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At the deepest level of our being as humans or as a people, we have this thread of hope called faith. It connects us to the Father and allows us to see His goodness. We pray that the people lift their heads and see hope despite the difficulties around them. This week has been especially difficult, with the discovery of the bodies of seven hostages found deep within Hamas’ tunnels.

What are the thoughts of the flesh? They're the ones that focus on ourselves, trying to fulfill our own needs and desires. These thoughts leave no room for God or others. It's all about being self-centered, even to the point of trying to save and justify ourselves. But thoughts of the Spirit, the Spirit of Christ, bring life.

In Joshua 17, we read of the allotments of the tribes of Ephraim and Manasseh and where they settled in their God-given inheritance. However, they did not fully drive out the inhabitants from the land but instead drove them to forced labor.

What brings me joy every single day is the privilege to cry out “Abba, Father”. The Father loved us so much that He gave us His only Son, Yeshua the Messiah. While we were orphans in this world, God the Father, the Creator, in His redemption, gave us His Holy Spirit and a home where we can find refuge in His presence.

During this season of Lent, I’ve been studying the book of Jeremiah. The king of Babylon had conquered Jerusalem and the people suddenly found themselves in great distress as they were living under foreign rule. I noticed throughout the book that even though Jeremiah warned the people of their sinful behavior, they chose to continue on their path.

Just before Valerie and I got married, David and Emma Rudolph, our spiritual parents, took us to a meeting. It was in a small fish restaurant on the French side of Lake Leman in Switzerland. They said to Valerie and me, 'Through your married life, you will go through difficult times. There will be hardships,

God constantly presents us with opportunities to grow and mature in this calling. One could say that our lives on earth are like a "training ground" or a "gym" where the calling to be conformed to the image of Jesus grows and develops. Each of us is in a different place and season in life, and we often tend to desire to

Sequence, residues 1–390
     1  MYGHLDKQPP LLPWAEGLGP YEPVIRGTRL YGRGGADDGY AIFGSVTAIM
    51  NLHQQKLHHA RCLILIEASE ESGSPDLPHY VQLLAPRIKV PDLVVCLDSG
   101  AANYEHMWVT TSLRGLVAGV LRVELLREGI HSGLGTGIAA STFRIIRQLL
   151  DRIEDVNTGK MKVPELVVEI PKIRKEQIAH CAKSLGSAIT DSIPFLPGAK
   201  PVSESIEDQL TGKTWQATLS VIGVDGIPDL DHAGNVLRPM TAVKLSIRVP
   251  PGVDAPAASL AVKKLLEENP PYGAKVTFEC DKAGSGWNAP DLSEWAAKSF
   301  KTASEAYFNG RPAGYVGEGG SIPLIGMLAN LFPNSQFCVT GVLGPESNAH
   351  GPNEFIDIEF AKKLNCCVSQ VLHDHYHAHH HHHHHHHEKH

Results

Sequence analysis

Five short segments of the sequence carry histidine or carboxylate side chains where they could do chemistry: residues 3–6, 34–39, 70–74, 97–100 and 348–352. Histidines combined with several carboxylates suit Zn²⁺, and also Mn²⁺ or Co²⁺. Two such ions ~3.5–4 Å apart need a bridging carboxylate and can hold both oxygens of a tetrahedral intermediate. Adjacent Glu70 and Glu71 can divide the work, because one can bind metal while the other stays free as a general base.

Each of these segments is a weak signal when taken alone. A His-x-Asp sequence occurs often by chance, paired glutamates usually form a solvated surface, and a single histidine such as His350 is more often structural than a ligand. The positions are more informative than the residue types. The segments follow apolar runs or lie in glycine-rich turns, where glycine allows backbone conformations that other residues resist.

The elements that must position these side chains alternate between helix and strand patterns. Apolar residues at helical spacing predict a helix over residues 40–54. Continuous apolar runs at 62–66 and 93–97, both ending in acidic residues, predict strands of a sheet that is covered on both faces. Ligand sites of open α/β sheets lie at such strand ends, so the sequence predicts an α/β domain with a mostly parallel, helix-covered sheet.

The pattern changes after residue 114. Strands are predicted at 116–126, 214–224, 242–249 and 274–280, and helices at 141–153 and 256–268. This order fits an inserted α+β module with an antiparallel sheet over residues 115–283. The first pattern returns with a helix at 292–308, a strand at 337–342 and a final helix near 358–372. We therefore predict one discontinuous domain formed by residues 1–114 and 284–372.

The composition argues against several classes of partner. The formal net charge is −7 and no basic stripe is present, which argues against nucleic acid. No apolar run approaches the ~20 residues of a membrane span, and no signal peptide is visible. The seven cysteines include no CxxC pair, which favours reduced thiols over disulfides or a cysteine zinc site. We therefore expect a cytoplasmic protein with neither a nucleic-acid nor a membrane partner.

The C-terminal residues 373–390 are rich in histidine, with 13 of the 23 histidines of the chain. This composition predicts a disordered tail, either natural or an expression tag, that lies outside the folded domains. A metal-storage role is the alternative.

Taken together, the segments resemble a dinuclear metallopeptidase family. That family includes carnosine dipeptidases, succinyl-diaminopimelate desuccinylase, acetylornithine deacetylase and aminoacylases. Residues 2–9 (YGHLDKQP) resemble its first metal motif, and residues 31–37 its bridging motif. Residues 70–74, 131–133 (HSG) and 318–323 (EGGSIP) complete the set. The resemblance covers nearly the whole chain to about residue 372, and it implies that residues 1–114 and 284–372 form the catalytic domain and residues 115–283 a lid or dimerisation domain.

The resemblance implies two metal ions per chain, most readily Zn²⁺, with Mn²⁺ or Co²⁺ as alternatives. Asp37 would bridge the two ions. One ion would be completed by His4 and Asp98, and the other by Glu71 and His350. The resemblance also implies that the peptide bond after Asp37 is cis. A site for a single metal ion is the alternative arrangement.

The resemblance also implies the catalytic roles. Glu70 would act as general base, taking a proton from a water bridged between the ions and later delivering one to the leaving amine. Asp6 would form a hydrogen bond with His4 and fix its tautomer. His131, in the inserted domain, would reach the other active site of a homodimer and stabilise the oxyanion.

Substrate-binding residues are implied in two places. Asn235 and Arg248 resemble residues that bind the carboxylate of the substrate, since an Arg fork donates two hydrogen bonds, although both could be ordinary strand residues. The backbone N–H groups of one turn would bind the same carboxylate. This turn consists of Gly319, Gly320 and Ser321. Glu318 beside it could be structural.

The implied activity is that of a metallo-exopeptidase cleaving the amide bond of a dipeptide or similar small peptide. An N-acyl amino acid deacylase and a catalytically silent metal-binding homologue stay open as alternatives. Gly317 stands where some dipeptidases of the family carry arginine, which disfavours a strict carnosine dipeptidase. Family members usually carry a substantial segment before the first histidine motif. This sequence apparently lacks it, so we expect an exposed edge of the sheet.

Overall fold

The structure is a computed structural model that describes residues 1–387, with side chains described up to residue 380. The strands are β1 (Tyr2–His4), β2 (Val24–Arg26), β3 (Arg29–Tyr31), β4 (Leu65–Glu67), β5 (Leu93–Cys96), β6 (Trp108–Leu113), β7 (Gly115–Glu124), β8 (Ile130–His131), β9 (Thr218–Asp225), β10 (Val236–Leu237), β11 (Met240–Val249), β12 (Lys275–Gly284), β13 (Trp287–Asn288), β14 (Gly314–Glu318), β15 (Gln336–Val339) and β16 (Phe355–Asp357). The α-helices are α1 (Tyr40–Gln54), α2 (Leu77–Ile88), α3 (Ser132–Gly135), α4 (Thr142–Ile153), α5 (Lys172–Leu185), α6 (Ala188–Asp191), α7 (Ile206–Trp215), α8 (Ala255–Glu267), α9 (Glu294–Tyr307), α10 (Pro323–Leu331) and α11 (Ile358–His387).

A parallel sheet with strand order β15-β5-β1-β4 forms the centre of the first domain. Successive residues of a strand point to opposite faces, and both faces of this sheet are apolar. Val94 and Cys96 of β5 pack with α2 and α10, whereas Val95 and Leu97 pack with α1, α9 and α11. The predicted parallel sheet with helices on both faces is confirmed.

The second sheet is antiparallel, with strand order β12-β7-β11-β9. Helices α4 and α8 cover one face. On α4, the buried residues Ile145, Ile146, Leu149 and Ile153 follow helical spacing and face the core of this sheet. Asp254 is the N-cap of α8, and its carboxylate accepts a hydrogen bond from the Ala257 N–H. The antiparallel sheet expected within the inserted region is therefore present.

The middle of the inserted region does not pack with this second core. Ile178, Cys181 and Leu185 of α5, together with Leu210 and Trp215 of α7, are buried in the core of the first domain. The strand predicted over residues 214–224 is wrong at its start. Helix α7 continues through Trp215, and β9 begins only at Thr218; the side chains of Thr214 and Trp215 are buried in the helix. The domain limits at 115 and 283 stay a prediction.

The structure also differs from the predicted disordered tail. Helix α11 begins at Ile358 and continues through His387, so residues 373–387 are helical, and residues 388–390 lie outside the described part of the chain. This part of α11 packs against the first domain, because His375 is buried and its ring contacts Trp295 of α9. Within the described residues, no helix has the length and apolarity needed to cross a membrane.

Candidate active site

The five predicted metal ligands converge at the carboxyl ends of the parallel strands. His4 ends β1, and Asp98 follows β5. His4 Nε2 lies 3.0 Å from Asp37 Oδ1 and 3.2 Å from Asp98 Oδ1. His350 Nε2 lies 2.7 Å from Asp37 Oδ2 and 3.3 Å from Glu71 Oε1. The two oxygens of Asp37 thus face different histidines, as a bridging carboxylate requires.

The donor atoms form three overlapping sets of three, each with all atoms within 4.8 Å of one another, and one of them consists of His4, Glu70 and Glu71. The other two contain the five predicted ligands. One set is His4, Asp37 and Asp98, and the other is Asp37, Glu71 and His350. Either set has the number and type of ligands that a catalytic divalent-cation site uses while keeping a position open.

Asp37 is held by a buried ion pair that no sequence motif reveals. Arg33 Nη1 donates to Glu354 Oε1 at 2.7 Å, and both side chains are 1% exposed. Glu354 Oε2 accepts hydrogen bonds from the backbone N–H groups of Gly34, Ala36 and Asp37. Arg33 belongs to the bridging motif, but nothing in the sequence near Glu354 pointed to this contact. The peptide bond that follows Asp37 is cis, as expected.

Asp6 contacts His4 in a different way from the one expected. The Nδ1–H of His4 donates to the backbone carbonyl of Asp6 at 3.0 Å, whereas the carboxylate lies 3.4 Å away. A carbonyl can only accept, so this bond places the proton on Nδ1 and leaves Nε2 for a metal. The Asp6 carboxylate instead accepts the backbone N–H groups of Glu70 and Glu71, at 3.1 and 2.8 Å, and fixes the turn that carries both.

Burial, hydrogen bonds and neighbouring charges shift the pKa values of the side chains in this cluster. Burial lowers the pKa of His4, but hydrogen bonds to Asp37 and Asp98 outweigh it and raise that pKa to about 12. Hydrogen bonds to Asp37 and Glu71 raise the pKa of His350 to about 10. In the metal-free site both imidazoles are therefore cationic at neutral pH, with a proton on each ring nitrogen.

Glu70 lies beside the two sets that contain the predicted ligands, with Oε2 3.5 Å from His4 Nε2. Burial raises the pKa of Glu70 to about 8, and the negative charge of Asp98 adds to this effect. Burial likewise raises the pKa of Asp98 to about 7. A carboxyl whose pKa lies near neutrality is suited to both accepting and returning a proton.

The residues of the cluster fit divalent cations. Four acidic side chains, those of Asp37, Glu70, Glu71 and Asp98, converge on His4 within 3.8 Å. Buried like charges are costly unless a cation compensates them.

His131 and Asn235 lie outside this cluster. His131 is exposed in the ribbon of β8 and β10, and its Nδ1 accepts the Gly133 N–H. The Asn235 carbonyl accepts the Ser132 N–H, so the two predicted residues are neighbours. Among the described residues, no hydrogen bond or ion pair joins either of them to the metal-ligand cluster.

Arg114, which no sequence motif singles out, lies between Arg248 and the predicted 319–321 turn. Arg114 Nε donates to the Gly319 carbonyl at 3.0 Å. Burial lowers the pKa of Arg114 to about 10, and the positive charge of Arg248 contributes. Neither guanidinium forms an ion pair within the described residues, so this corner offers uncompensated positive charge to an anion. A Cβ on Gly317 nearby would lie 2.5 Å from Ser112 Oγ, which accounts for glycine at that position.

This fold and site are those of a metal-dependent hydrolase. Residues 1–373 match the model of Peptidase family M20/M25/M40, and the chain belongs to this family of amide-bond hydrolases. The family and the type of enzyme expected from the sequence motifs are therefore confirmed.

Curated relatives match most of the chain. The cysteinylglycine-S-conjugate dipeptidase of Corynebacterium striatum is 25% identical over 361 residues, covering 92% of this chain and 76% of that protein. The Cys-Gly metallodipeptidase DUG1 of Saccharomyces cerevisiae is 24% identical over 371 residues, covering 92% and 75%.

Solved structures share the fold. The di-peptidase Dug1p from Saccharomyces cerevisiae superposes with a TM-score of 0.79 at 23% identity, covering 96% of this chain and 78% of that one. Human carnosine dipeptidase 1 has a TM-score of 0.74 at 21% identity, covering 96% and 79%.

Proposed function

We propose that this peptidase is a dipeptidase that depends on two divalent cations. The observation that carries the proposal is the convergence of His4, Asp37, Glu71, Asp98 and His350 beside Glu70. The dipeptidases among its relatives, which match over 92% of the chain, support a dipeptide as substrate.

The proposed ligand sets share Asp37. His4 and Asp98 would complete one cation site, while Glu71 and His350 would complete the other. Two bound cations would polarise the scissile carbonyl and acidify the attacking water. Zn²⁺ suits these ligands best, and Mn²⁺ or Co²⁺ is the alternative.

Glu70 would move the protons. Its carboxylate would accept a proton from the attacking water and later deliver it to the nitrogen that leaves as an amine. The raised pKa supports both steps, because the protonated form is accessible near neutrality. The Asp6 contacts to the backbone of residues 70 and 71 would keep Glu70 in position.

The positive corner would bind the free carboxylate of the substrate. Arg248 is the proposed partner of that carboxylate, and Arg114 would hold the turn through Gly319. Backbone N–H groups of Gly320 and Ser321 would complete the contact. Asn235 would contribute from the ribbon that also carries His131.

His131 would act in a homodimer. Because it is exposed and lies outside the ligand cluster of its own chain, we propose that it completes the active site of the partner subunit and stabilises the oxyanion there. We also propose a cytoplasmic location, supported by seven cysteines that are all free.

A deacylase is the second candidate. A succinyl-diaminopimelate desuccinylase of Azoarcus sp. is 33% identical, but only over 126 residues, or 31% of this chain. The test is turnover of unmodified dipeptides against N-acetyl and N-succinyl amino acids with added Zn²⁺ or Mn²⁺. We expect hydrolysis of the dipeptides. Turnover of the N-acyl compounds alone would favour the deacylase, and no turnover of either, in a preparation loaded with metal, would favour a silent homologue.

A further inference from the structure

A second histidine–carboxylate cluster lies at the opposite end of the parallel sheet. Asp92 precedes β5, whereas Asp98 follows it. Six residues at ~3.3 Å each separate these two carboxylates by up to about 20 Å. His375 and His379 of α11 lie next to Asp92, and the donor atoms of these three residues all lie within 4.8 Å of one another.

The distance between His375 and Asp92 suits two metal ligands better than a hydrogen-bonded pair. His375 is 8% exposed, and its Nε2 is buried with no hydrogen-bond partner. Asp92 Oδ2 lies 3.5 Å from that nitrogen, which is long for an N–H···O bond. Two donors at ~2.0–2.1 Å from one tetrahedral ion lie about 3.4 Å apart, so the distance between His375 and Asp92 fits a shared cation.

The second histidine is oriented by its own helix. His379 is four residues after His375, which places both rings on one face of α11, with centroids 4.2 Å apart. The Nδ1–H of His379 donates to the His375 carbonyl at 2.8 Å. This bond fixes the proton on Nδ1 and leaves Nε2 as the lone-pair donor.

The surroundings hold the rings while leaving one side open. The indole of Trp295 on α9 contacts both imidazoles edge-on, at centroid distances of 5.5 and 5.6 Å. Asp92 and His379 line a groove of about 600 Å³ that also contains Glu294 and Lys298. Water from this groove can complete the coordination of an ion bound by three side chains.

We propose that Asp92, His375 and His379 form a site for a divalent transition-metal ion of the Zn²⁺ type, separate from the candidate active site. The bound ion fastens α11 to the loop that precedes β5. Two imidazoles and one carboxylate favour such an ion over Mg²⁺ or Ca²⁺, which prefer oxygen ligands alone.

Can God forgive all my sins? Perhaps I've strayed too far, and there's no way back now. What does it mean to forgive ourselves? How do we break free from sin? These were the questions weighing on the heart of one of our disciples this week. At every stage in life, a person can do some soul-searching, pondering what they're doing and whether these

I was reading from Matthew 6:25-34 and the words from Matthew 6:33 caught my attention. Yeshua exhorts us to "Seek first His Kingdom and His righteousness." As children of God, He invites us to redirect our focus and change the way we look at things in our day-to-day lives.

One of our core values in our community is devoting our time to helping the broken and needy in our society. It is an integral part of our lives as well as our discipleship training programs. We head to some of the poorest neighborhoods of Tel Aviv to share God's love with the most needy in society on the streets, in an area notorious for prostitution, drugs, and human trafficking.

Our lives are made up of relationships, and these dynamic connections are built over time. One fundamental cornerstone of relationships is trust. The more I trust, the more I open up. Trust develops through shared experiences, whether positive or negative. In any human relationship, there will be challenges, and each party must ask themselves questions: What now?

God created in us the mechanism of fear; it is, in fact, a defense mechanism against potential harm. No one needs to teach us to fear; there are things we were created to fear, and it is natural for us as humans to be afraid of them. Some things are very basic, and all humans, and even animals, by the way, react to them with fear.

As we begin this new year, still at war, we are reminded of the holiness of God and are taking this time to reflect on what it means to be holy. The root meaning of Kadosh -קדוש, holy in Hebrew, is to consecrate and set apart. As believers in Yeshua, we are called to be "set apart for His glory." What does this look like practically in our everyday lives?

The ongoing conflict in Israel, characterized by historical tensions between Arabs and Jews, often finds its way into the body of Christ, influencing individuals’ diverse political and theological views. The effects of the conflict are even more evident among Arab and Jewish believers in Yeshua as they respond to the challenges they face.

Since October 7th, we have witnessed brokenness in Israel, a lack of security, uncertainty, and the immense pain families and individuals are experiencing due to the war. God acknowledges this brokenness. He wants to provide hope and comfort to those experiencing grief, fear, and despair.